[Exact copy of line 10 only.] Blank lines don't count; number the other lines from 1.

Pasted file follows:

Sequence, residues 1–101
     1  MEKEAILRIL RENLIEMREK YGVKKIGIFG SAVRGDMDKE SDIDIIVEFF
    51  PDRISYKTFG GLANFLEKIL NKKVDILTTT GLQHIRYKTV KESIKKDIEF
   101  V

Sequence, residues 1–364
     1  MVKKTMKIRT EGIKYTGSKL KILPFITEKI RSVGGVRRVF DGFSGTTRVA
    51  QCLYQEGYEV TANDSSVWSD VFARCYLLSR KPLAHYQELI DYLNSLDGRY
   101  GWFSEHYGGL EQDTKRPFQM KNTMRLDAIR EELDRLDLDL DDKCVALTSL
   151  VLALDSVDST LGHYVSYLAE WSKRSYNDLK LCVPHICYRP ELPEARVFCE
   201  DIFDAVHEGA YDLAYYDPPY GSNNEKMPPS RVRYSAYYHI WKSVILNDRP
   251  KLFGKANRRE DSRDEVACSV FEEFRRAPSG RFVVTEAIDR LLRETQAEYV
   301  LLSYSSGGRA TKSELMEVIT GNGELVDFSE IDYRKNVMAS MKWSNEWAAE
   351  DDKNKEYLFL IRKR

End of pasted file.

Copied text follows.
   201  DIFDAVHEGA YDLAYYDPPY GSNNEKMPPS RVRYSAYYHI WKSVILNDRP